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Faisal Jamkhandi reaps the rewards of Indian winters

For the past four years, the Canada Under-19 fast bowler has travelled halfway around the world to escape Ontario's snowstorms and find decent cricket weather and top-quality coaching. All of that is now starting to pay off

Shashank Kishore
Shashank Kishore
Faisal Jamkhandi celebrates a wicket, Bangladesh v Canada, Under-19 World Cup, Group C, Lincoln, January 15, 2018

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Mississauga in the Canadian province of Ontario is a difficult place to be a cricketer. The sport is almost entirely restricted to the summer months here, thanks to the winter snowstorms, so players are invariably forced to train indoors or left to find ways to play abroad. Some travel to the nearby Caribbean, others move to the United States in search of match time with club teams.
Faisal Jamkhandi, whose 5 for 48 against Bangladesh was the first five-for of the 2018 Under-19 World Cup, travelled a slightly longer distance - to India, where his parents came from. Faisal had become interested in cricket thanks to his father, who would stay up and watch matches at odd times back home, thanks to the time zone.
Faisal was a natural athlete - he had won a number of junior track and field events in Canada - and it was only natural he would choose fast bowling when he began playing cricket as an 11-year-old.
"Training indoors was kind of frustrating, so I needed solid practice and matches, which isn't always possible in Canada because of the weather," Faisal tells ESPNcricinfo. "It was partly because of this that I decided to move out of my comfort zone to play cricket. Cricket in Canada is largely restricted to the summers, it can get a little stifling for aspiring players because you don't get too much match practice. That's why I chose to train abroad."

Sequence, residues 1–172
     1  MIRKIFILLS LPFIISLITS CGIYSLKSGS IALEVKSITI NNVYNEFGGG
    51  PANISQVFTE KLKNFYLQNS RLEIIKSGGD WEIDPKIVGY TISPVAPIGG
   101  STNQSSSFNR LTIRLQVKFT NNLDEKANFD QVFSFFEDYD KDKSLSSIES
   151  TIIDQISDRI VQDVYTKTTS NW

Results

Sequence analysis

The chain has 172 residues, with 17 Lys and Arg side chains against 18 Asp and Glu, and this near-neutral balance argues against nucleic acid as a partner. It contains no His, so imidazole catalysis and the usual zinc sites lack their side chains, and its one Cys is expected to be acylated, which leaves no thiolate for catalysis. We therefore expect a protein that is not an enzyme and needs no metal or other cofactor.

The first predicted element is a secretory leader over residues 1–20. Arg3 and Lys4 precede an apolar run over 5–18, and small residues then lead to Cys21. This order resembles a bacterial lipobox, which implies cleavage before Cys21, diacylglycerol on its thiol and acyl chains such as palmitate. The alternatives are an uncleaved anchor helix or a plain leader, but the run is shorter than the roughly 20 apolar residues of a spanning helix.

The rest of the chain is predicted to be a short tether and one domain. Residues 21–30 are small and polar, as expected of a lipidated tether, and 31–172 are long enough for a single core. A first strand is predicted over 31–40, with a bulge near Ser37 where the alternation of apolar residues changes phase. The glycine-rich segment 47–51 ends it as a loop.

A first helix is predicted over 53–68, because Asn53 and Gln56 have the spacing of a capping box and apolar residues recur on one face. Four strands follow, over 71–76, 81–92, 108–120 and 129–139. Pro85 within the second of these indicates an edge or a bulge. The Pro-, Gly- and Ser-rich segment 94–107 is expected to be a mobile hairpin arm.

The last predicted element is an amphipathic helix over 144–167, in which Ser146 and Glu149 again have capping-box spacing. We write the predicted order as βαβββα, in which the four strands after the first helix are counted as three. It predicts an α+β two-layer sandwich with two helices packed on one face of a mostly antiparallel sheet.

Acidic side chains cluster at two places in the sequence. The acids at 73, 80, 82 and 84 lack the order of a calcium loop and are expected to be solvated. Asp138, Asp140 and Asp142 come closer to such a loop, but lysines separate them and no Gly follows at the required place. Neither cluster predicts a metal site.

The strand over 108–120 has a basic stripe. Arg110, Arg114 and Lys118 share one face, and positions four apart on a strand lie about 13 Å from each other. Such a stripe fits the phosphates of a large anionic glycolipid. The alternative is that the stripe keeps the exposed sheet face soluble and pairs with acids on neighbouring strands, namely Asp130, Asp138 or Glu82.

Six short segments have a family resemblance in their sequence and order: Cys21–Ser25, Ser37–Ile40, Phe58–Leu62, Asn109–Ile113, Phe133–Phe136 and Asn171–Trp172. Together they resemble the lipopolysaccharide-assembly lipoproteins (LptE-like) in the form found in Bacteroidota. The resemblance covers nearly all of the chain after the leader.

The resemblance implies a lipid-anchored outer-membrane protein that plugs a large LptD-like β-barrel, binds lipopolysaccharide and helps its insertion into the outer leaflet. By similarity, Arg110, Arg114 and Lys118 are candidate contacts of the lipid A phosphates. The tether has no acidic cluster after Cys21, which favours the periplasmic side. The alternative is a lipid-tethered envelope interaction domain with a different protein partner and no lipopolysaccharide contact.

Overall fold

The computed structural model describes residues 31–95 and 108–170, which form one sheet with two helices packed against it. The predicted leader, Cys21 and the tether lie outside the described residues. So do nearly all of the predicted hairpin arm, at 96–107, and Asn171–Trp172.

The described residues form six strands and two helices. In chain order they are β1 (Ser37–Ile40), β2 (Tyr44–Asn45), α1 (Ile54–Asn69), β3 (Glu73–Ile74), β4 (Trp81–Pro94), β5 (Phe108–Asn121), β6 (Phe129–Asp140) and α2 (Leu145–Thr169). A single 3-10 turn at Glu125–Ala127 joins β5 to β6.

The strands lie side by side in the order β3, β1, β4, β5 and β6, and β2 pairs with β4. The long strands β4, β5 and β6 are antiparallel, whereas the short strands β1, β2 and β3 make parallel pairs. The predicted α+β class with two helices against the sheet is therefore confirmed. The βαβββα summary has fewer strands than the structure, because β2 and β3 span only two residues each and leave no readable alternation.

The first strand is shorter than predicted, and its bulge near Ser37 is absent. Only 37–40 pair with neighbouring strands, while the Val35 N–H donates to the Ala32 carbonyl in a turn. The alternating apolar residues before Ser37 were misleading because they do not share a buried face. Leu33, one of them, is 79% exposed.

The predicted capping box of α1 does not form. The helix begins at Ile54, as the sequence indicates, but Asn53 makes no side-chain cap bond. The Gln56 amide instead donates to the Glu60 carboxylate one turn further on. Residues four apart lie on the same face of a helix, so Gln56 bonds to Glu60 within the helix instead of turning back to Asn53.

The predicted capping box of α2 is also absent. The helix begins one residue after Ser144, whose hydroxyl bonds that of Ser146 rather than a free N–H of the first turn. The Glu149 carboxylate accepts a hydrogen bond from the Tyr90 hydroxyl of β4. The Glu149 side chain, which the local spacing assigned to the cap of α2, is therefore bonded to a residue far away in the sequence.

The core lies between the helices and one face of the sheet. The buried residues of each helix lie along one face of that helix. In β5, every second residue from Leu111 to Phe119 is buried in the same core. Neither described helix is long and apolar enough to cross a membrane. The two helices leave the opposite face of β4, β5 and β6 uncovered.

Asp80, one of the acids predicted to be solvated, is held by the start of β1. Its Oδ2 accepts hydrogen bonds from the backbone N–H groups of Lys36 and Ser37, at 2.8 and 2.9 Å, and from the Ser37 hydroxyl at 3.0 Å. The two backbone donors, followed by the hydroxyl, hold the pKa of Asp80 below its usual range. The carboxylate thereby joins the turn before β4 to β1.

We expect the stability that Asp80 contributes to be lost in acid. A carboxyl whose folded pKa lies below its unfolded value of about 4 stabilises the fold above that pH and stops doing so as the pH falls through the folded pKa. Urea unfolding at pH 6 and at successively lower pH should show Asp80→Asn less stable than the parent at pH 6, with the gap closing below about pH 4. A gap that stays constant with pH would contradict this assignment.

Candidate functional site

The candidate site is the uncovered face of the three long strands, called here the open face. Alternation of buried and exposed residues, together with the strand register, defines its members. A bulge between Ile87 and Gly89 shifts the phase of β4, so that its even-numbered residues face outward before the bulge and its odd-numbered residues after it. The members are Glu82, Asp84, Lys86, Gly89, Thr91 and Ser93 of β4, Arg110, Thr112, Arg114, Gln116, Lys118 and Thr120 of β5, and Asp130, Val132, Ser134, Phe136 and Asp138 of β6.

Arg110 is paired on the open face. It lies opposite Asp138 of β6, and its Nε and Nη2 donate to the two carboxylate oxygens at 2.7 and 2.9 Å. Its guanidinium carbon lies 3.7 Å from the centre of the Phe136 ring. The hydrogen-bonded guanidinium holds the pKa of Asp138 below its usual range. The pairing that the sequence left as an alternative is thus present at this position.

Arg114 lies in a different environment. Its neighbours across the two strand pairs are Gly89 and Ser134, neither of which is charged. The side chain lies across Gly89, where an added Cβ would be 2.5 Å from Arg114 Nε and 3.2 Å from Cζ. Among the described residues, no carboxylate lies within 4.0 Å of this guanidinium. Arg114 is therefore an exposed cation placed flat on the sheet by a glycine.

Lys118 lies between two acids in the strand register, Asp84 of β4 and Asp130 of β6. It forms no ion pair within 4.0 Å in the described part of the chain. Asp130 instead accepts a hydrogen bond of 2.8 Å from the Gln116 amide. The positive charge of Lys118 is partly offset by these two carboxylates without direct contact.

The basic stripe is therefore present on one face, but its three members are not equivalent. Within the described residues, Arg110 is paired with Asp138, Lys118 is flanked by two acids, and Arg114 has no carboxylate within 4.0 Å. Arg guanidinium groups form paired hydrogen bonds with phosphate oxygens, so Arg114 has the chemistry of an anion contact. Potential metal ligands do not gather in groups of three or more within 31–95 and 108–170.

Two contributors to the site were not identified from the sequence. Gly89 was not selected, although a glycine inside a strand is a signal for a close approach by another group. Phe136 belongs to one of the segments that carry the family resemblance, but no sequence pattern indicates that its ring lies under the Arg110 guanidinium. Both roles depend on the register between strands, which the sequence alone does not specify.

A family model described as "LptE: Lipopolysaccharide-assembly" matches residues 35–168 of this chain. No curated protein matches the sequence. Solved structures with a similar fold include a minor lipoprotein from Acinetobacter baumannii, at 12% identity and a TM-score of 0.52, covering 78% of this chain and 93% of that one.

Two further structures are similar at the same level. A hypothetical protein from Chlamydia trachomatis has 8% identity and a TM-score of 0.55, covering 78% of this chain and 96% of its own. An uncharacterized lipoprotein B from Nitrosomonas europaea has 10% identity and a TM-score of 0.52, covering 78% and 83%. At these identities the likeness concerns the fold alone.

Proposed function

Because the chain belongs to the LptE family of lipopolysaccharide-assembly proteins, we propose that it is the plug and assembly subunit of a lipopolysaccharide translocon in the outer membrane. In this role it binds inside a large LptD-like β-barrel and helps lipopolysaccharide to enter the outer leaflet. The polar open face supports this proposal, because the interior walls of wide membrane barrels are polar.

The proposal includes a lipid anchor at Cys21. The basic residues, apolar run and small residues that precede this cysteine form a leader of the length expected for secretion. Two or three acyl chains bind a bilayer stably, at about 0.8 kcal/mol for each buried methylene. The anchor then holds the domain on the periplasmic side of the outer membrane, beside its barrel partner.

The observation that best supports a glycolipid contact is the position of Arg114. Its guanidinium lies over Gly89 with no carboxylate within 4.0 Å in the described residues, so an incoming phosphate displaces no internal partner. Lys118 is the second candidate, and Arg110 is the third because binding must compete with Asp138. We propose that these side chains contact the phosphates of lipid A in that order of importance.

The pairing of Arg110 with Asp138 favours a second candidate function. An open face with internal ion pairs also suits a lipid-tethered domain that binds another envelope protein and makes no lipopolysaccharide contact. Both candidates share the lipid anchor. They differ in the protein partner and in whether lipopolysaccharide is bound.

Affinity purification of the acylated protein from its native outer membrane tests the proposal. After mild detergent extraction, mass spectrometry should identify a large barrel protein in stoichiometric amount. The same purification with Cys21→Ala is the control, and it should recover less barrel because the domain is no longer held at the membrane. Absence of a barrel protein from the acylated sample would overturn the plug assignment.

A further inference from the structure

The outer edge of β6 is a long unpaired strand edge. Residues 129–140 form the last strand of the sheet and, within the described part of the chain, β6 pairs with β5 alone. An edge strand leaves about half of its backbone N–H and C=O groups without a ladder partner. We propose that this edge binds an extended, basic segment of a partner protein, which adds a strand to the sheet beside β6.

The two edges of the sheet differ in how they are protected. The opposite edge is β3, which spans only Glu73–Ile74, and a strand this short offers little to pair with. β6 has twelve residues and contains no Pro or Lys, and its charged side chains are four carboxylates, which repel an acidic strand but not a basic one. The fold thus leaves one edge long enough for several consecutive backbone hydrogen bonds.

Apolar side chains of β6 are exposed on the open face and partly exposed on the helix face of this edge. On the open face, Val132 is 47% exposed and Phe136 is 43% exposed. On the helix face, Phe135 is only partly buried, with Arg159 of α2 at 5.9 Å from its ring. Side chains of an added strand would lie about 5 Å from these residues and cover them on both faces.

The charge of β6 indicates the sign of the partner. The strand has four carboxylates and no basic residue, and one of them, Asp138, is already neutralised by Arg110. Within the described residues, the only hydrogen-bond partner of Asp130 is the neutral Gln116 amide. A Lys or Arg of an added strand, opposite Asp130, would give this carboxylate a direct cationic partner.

For the last four years, Faisal has spent six months every winter in India. Three years ago, he trained with Ian Pont, the former English first-class cricketer who is now a respected fast-bowling coach, in Bangalore, where he worked on his strength training. Then he moved to Pune to train under Surendra Bhave, the former Maharashtra batsman who has coached in the Ranji Trophy since his first-class retirement after a 15-year career.
At 17, Faisal consistently clocked speeds above 130kph in academy matches and even earned praise from the former England fast bowler Alex Tudor, now a Level 3 coach in England. Faisal has put into practice all his learnings from India when he travels back home to play for the Mississauga Ramblers Cricket Club.
"We have a number of cricketers who bring teams," Faisal says. "Desmond Haynes has brought his Under-19 sides. We've traveled to Barbados to play in the Gary Sobers Under-19 tournaments. There are also some excellent coaches like former South Africa first-class cricket Davy Jacobs, who now lives in Canada."
Faisal has finished high school and has applied at universities in India and England to pursue his cricket. He hopes to enroll for the next academic year, and wishes to some day make Canada's senior team. "I know it's tough, but my goal is to play for the national team," he says. "That could take time, it could happen immediately, but I'll try to keep training hard and let the rest take care of itself."
Before he leaves New Zealand, he hopes to keep making an impression through the remainder of the tournament. The wicket of the hard-hitting Pinak Ghosh, one of the best Bangladesh Under-19 batsman, gave him immense joy, and he now looks forward to troubling the English top order.
"Queenstown is ideal, what a dream it is to play there," he says. "Wish I can take this pitch back home. Dream conditions. Hope I can bowl another dream spell."

Shashank Kishore is a senior sub-editor at ESPNcricinfo